The surprisingly steep decline in world trade.
In November, I met with an executive at one of China's new private equity firms. He talked up the firm's investments in energy software and mobile communications. But companies that export? He wouldn't touch them.
The fact that China's smart money is now looking inward and avoiding the sector that brought it so much growth in recent years highlights a surprising and spreading new trend: deglobalization. For the last few decades, goods, services, and people have been whizzing around the world at ever-greater speeds and over ever-greater distances. The presumption was that globalization was the most efficient way to organize the world's economic affairs. But now comes the backlash, motivated by economics, politics, and the shift of wealth from West to East.
In the months after September 2008, pretty much every metric that testified to the growing interconnectedness of the global economy collapsed. Between April 2008 and April 2009, foreign currency trading volumes in London were down 25 percent.
The Inter-American Development Bank in August reported that remittances from Latin America and Caribbean expats would fall 11 percent in 2009, back to the level of 2006. The International Monetary Fund projects that the volume of world trade in goods and services will plummet nearly 12 percent this year.
Of course, you'd expect such developments when the global economy shrinks, as it did in 2009 for the first time since 1944. But the decline in trade was far larger than the quite small drop in global economic output. It turns out that many aspects of globalization were overleveraged. Exports, currency trading, and cross-border investment were fueled by debt and credit. In the United States, consumption of imports was stoked by borrowing and the booming housing market.
While trade has rebounded from its lows, the volume is nowhere near its peak. In September, the combined total of U.S. imports and exports was 24 percent below the level of July 2008. Countries stung by the sudden drop-off in demand from foreign buyers have realized that they can no longer simply export their way to prosperity. China's exports fell 23 percent between August 2008 and August 2009. Smart investors are channeling resources to companies that produce domestic goods for domestic markets.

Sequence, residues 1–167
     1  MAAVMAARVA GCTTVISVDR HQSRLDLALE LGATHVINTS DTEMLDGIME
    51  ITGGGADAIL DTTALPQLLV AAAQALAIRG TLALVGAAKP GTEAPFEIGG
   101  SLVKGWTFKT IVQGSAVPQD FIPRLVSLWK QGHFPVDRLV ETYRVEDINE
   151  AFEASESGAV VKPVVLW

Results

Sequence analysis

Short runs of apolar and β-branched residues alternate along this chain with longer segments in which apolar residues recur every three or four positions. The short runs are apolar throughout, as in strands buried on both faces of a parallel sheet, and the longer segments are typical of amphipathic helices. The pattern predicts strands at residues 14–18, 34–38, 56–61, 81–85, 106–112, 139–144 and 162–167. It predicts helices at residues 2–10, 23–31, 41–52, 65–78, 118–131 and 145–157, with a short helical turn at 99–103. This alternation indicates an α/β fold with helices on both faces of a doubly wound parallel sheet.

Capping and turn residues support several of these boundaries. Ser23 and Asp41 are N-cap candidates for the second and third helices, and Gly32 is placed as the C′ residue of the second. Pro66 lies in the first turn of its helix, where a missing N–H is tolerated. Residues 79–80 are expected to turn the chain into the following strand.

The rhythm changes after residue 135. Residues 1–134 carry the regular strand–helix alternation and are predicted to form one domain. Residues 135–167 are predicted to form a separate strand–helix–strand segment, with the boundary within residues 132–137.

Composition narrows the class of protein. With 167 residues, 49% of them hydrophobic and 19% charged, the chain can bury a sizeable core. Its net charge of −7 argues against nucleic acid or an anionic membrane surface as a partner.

There's also a greater appreciation on the part of Western firms that cheap labor isn't the be-all and end-all. Businesses have learned in the past two years that the longer the supply chain, the more possibilities there are for disruptions—from flu viruses, geopolitical disturbances, and spikes in energy prices. While China is still the world's factory, in an age of volatile demand, some companies have realized that manufacturing closer to home is more efficient, even if production costs are higher. In March U.S. Block Windows, an acrylic block window manufacturer based in Pensacola, Fla., bought competitor Hy-lite, a division of Fortune Brands. Hy-Lite was outsourcing the molding of acrylic blocks to China. "It became very evident to us, that we could do it cheaper in-house, because we had the facilities, and we were operating at less than capacity," said Roger Murphy, president of U.S. Block Windows. More significantly, manufacturing in China had its downsides. U.S. Block Windows ships orders within four days of receipt. But the lead time in production from China was 12 to 16 weeks. In a period where it's difficult to forecast demand far out into the future, "it's very difficult to match those two things up," said Murphy. In September, U.S. Block Windows moved Hy-Lite's molding work from China to Florida.
Politics is also playing a role in deglobalization. The plunge into recession triggered a predictable set of protectionist responses. Developed economies in Asia, Europe, and North America have erected new tariffs, offered subsidies to exporters, stipulated that stimulus funds be spent locally, and provided special support to home-grown banks and automakers. This trend has led American and foreign companies alike to reconsider the way they've approached the vast U.S. market, especially in areas that are getting a boost from the government: energy, finance, automaking. For example, Suzlon and Vestas, Indian and Danish wind-turbine makers, respectively, are making massive investments in U.S. manufacturing not only because it's expensive to ship turbines long distances but also in order to be perceived as "American" to state and federal officials involved in green purchasing.
In November, Ted Strickland, the governor of Ohio, one of the states hit hardest by globalization, showed up at a corporate campus in Milford, a suburb of Cincinnati, to celebrate the fact that Tata Consultancy Services, the Indian outsourcing giant, now employed 300 workers at its North America Domestic Delivery Center. The outsourcer has become an in-sourcer. Perhaps we're not seeing deglobalization, but rather, reglobalization.
A version of this article also appears in international editions of this week's Newsweek.
Daniel Gross is the Moneybox columnist for Slate and the business columnist for Newsweek. You can e-mail him at firstname.lastname@example.org and follow him on Twitter. His latest book, Dumb Money: How Our Greatest Financial Minds Bankrupted the Nation, has just been published in paperback.